Brachetto d’Acqui, Dolcetto d’Acqui, and Moscato d’Asti are all three wines you must try; and, coincidentally, you’ll pass through vineyards of these very grapes during your hike from Strevi towards Acqui Terme.
3. Taste wines during Vinum.
This is an annual event held near the end of April and beginning of May that you can’t miss. Vinum gathers the vast viticultural production of the Langhe and Roero in five days of festivals, tastings, workshops, and more. The heart of the festival lies within Palazza Mostre e Congressi (Piazza Medford), which will have tastings of Great Langhe Reds every day from 11 am-8 pm. Don’t miss out on any of Vinum’s affiliated events and festivals: check out their website here. This event attracts international visitors in increasing numbers every year.
Photo by Giorgio Montersino, CC
Wines to try:
At Vinum, helpful, professional AIS sommeliers serve Barolo DOCG, Barbaresco DOCG, Barbera d'Alba DOC, Langhe DOC, Nebbiolo d'Alba DOC, and Verduno Pelaverga DOC. Try them all, of course! And bring a bottle of water. You never know when supplies could run out.
4. Go on a treasure hunt.
This fun event, held every year in the spring by Strada del Barolo and Turismo del Vino at the beginning of May, is affiliated with Vinum. It’s so unique we thought we’d give it a special spot. The treasure hunt begins in Alba and takes participants through the Langhe hills chasing clues that lead to the final treasure in Castiglione Falletto. Not only do you get to explore some of the area’s most beautiful hills, you’ll do so in the spirit of camaraderie (last year, over 400 people joined in) and enjoy a prize at the end.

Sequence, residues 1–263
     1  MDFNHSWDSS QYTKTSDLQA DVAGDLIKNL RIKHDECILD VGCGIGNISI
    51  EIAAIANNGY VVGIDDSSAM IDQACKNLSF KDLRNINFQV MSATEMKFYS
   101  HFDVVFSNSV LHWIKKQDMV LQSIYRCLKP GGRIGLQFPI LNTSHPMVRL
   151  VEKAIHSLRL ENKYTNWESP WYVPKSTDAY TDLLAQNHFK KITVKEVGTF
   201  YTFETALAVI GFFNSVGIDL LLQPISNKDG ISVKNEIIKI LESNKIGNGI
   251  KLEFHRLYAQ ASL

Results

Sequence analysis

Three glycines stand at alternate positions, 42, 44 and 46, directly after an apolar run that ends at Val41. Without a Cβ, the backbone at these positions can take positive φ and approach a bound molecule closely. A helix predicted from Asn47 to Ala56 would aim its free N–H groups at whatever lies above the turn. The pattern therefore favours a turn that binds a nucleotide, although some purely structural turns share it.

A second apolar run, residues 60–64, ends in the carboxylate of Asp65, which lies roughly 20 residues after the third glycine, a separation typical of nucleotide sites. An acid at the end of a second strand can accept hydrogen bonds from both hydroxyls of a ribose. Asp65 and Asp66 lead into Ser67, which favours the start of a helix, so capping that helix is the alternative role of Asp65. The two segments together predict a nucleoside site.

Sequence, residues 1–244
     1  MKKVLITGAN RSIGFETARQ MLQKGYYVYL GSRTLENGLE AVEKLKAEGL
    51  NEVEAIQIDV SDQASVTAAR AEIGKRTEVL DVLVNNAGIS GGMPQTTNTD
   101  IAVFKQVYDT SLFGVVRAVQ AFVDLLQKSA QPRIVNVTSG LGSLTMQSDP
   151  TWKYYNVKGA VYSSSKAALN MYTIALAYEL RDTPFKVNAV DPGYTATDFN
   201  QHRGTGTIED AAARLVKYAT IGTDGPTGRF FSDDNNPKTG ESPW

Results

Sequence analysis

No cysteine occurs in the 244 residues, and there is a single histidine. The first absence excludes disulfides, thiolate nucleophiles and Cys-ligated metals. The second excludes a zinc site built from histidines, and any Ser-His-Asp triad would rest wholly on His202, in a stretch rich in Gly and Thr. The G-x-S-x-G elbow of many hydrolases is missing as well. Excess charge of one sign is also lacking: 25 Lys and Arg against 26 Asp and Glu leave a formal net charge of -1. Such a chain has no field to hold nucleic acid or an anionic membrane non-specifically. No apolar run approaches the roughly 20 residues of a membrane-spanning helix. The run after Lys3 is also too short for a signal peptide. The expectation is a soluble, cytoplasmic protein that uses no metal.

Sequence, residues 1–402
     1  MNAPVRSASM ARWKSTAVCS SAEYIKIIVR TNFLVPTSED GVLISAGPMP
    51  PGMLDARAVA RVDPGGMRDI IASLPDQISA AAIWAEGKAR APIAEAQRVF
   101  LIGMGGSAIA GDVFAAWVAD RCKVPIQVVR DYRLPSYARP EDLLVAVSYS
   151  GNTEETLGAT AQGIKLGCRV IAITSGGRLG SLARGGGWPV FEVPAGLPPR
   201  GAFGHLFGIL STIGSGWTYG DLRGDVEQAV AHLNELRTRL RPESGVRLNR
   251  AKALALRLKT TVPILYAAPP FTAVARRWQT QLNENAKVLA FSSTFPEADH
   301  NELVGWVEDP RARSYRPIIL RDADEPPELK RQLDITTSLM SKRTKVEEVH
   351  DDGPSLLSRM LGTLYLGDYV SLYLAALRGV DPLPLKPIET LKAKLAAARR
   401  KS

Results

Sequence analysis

Photo from www.stradadelbarolo.it
Note that this does require a car and some Italian language skills.
Wines to try:
Langhe Nebbiolo DOCG: Recently enjoying an increase in abroad purchases, this wine is made of 100% Nebbiolo and is produced in the same areas as its more famous (and more costly) counterparts, Barolo and Barbaresco.
Barolo and Barbaresco: Hey, you’re in the area. Why not enjoy life a little? These wines are more expensive and usually reserved for special occasions, but it’s true that here in their zone of production, they cost less than anywhere outside of Piemonte. More importantly, you’ll find labels unavailable abroad or even outside of Piemonte; and there is no better way to fully appreciate the nuances of these great wines than in the very area they’re produced.
5. Have a picnic.
What better way to while away a lazy afternoon than relaxing outdoors with food and wine? Pack your basket with local cheeses like toma, Bra tenero or Bra duro, or even the piquant Castelmagno. Add some bakery-fresh bread or focaccia, and a jar of local, bittersweet chestnut honey, cugnà made from grape must, or mostarda, a savory, fruity compote. Toss in fresh fruit for a light dessert or a torta di nocciola, hazelnut cake. And don’t forget the wine and plastic cups, or wineglasses for an elegant touch, if you trust the sturdiness of your basket.
Photo by AMY LISCOMB, CC
And yes – of course we’ve gathered a list of great picnic spots in Piemonte. One for (almost) every wine zone! See where to go here: Picnics in Piemonte: The Best places to Enjoy Springtime
Wines to try:
A spumante or rosé wine would be just the thing. Which one? We have a list for you: Rosé Tinted (Wine) Glasses for the Summer. But even better (we think) is a light, delicately sweet, lower alcohol Moscato d’Asti: the perfect vino frizzante for the afternoon. Just don’t forget the cooler.
Bonus! Milan Expo 2015
Beginning in early May, shuttles are carrying tourists to and from the Milan Expo 2015. Hop on board! Read more about them (and stay tuned for updated details) here:
Cover photo by BORGHY52, CC